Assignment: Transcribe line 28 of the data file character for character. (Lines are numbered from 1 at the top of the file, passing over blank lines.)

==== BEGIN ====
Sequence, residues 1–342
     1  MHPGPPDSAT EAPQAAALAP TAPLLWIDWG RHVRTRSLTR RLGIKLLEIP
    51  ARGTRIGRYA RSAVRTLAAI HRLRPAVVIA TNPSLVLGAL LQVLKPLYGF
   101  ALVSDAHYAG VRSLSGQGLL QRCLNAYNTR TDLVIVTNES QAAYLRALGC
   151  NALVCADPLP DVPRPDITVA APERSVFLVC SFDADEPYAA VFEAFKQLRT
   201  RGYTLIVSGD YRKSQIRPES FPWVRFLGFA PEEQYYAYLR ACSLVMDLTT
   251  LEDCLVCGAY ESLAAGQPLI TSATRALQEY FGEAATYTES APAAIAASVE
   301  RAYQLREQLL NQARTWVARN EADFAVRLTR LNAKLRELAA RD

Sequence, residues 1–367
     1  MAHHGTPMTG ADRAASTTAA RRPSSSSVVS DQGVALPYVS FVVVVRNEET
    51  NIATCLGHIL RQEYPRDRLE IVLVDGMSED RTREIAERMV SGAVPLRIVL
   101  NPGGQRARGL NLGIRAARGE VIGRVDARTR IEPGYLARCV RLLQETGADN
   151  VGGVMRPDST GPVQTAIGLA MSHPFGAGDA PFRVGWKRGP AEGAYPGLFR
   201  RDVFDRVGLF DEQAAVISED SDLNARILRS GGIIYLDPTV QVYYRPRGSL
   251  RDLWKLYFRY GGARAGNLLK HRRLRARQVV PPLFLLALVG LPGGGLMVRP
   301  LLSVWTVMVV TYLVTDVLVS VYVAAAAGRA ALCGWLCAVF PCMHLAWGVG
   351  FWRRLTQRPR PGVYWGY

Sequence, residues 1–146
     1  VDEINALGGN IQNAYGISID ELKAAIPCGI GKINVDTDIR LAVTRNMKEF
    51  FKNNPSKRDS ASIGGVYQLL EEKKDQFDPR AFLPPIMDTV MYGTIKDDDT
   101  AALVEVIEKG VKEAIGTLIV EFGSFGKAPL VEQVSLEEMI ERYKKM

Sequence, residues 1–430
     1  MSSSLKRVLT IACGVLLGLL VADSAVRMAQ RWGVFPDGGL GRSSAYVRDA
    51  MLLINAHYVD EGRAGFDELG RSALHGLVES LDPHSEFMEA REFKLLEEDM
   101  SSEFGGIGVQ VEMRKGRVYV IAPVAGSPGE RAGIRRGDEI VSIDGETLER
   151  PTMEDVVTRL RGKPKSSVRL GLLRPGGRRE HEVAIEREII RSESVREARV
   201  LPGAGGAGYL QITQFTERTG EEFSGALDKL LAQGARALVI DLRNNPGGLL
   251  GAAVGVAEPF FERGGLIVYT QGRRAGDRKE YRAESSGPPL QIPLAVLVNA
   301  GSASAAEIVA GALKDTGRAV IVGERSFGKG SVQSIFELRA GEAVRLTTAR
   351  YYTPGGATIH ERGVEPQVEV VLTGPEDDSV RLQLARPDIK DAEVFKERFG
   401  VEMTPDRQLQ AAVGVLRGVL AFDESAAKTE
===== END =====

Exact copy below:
   251  GAAVGVAEPF FERGGLIVYT QGRRAGDRKE YRAESSGPPL QIPLAVLVNA